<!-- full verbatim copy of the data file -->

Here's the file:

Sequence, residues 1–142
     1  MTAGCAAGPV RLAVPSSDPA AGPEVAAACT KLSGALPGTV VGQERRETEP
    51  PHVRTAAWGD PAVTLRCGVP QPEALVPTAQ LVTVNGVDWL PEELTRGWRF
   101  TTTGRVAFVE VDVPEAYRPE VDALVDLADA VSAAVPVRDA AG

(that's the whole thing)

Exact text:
Sequence, residues 1–142
     1  MTAGCAAGPV RLAVPSSDPA AGPEVAAACT KLSGALPGTV VGQERRETEP
    51  PHVRTAAWGD PAVTLRCGVP QPEALVPTAQ LVTVNGVDWL PEELTRGWRF
   101  TTTGRVAFVE VDVPEAYRPE VDALVDLADA VSAAVPVRDA AG